Prices vary from season to season but you can expect to pay between $10 and $20 dollars a pound at the grocery store, and more if you buy online. But be reassured that the meat to shell ratio is about 40/60 depending on the size of the legs.

This is my favorite type of crab.

Dungeness crab

The favorite and local crab of the West Coast, Dungeness crabs are a staple at Thanksgiving to many California families (my in-laws included). Caught in the cold waters of Northern California all of the way up to Alaska, the Dungeness season starts in November and continues on to June, so crab being sold in October on special has been frozen for a considerable time and is being “dumped” to make way for the new season. It is usually cooked at the seafood processors before being sent to market, although live crabs are available on occasion at some stores.

Only the males are harvested, while the females are returned to the water so they can continue to breed. The meat is moderately flavored, unique and there is plenty of it. Most grocery stores will clean the major parts of the crab at your request, which essentially entails taking apart the crab and presenting you with the leg clusters.

The yellow liquid inside the body is referred to as crab brains, but if the crab had that much brains it wouldn’t have wound up in the grocery store. It actually is made up mostly of the crab’s liver and other organs. This chunky fluid is considered a delicacy in many cultures throughout the world. Some like to spread it on bread like butter, while others stir it into sauces or seafood stews.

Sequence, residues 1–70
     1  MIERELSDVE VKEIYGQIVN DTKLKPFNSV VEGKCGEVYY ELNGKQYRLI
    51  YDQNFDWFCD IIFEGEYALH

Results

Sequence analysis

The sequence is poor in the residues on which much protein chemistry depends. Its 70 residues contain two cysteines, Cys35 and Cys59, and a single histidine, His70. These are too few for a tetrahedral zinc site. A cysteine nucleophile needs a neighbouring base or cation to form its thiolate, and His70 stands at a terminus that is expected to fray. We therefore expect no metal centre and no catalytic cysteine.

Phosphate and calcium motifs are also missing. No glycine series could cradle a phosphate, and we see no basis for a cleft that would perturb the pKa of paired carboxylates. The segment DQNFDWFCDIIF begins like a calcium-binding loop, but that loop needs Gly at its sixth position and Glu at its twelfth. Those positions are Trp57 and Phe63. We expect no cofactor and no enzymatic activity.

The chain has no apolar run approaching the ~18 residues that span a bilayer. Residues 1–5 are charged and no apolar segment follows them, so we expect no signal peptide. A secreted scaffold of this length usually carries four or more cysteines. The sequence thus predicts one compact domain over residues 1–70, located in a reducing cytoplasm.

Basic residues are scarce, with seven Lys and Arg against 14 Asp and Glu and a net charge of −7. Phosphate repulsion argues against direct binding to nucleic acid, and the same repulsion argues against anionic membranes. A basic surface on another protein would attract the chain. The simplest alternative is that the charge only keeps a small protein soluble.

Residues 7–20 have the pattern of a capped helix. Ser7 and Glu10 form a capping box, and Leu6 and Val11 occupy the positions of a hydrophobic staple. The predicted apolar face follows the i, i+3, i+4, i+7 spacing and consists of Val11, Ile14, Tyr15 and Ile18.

When purchasing Dungeness crabs I look for ones with barnacles on them. The presence of barnacles lets you know that crab hasn’t shed for some time ensuring plenty of “filling.” Crabs sold upside down will be moister since the back of the crab acts like a bowl holding moisture inside the crab instead of allowing it to leak out.

When “picking” or cleaning the meat out of a whole Dungeness crab, look forward to getting about 25 percent of the crab’s weight in meat. You can expect to pay between $3 and $8 per pound.

This is my favorite type of crab.

Blue crab

This is the East Coast’s favorite crab. They are an aggressive crab that will actually lunge at anything it thinks is a threat (maybe that’s an East Coast thing). The population of Blue crabs on the American East Coast can no longer meet the demand, and so the majority of Blue crabs are now from Asian fisheries.